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Researchers discover the remains of a whale… inside another whale

No, it’s not the plot for a whale-themed reboot of Christopher Nolan’s Inception, but it’s just about as crazy.

Back in 2010, German researchers on a dig in the aptly named ‘Valley of Whales’ site in Cairo, Egypt, uncovered the skeleton of a Basilosaurus isis

Since then they’ve been studying the contents of the site, and their findings have been published in the scientific journal PLOS ONE.

The researchers also studied the contents of the Basilosaurus, which is an ancient whale-like creature that roamed the seas over 35 million years ago in the late Eocene period.

The Basilosaurus is distinct from other ancient sea creatures due to its pointed incisors, sharp cheek teeth and bones. It’s the kind of creature you wouldn’t want to run into on your evening swim.

During the excavation of the site, researchers also found the remains of sharks, large fish bones, and many bones from Dorudon atrox, a smaller species of ancient whale.

Skeletons of Basilosaurus Isis and Durudon Atrox from Wadi Al Hitan (Image: PLOS ONE)

At first the research team thought that the Basilosaurus may have scavenged the fish, however, the size of the prey and bite-marks led them to another conclusion.

The Dorudon atrox specimens were children, not yet grown past drinking their mother’s milk, so were too small to be the target prey for a full-grown Basilosaurus.

Bite marks on the prey skulls also suggest predatory behaviour rather than scavenging – predators target the head for quick kills.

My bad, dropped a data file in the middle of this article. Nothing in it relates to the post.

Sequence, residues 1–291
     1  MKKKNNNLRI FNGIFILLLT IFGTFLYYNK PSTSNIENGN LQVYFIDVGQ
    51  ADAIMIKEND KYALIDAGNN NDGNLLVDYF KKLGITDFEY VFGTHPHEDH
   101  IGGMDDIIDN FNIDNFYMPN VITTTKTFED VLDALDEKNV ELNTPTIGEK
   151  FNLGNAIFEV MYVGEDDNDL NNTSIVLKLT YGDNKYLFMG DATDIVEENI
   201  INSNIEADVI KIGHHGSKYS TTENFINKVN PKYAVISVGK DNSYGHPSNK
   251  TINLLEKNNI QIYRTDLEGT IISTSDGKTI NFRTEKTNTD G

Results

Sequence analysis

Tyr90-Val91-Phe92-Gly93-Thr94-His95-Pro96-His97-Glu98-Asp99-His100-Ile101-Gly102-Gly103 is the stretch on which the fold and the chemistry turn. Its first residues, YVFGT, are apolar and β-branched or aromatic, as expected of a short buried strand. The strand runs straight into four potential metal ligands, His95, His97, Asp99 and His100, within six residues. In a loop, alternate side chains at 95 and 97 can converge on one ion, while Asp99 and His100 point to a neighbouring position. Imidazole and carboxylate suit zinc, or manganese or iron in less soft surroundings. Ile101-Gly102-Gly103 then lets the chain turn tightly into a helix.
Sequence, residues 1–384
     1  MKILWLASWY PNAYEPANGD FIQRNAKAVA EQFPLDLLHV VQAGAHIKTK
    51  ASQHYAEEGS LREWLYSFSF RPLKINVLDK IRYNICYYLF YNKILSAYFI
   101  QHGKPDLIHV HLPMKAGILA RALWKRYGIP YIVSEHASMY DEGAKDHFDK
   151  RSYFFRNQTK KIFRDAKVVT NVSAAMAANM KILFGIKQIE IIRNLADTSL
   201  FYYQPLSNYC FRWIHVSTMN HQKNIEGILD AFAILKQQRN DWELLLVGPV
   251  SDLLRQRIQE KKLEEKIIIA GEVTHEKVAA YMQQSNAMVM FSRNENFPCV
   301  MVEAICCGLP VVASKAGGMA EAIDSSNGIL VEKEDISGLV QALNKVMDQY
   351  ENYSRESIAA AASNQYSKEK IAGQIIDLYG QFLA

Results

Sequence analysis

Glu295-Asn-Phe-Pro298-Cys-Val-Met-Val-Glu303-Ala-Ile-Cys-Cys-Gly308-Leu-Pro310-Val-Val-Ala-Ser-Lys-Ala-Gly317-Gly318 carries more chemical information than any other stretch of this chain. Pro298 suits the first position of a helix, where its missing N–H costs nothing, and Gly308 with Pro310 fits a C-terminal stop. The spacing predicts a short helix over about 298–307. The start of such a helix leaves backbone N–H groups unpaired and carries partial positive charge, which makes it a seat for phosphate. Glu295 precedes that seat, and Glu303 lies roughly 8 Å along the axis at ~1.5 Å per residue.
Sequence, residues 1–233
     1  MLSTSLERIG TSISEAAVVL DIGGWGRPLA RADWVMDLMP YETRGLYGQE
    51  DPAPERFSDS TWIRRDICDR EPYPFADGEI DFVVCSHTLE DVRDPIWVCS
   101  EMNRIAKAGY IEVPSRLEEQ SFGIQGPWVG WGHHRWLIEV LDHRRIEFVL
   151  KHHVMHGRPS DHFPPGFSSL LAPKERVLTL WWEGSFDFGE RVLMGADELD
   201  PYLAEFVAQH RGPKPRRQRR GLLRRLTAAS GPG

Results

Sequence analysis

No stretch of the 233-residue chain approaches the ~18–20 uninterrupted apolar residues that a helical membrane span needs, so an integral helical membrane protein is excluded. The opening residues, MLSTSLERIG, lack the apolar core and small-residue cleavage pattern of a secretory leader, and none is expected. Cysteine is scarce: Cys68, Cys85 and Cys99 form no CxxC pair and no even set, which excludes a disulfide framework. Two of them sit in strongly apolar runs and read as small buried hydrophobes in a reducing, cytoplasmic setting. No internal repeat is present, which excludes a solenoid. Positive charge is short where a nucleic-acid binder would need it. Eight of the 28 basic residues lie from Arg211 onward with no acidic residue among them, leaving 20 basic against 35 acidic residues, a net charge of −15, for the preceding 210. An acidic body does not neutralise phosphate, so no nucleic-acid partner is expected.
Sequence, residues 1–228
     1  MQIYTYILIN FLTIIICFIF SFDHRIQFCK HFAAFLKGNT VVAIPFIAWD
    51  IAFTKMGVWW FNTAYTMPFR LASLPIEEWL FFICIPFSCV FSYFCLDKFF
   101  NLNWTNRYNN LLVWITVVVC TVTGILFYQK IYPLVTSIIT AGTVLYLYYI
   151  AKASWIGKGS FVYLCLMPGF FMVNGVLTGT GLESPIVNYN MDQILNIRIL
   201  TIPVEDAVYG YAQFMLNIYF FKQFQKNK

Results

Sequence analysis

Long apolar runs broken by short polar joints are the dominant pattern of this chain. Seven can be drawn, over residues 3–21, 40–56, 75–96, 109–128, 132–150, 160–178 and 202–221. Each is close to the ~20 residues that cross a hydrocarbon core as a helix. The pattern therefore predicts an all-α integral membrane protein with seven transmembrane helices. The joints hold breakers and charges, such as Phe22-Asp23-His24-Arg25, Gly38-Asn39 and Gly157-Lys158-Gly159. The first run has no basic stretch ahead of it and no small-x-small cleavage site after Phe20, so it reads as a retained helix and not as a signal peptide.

That led the Berlin-based research team to one conclusion: the fish, sharks and juvenile D. atrox were leftovers from the Basilosaurus’ previous meal.

They propose that Basilosaurus was a top apex predator that hunted and ate its prey alive, rather than scavenging for scraps.

“Our observations, the first direct evidence of diet in Basilosaurus isis, confirm a predator-prey relationship of the two most frequently found fossil whales in Wadi Al Hitan, B. isis and D. atrox,” write the researchers.

Head researcher Manja Voss and her team compare the Basilosaurus to a modern-day apex predator: the killer whale.

Killer whales are also toothed apex predators that feed on smaller whales and “frequently hunt humpback whale calves during the calving season”.

The authors of the study hypothesise that the Wadi Al Hitan site in Cairo, Egypt, was a whale calving site for Dorudon, making it the ideal hunting spot for Basilosaurus during the late Eocene period.

It’s time to exchange the idiom, “it’s a dog eat dog world” for a more scientifically accurate one – “it’s a whale eat whale world”.

[Feature image by Thomas Kelley]

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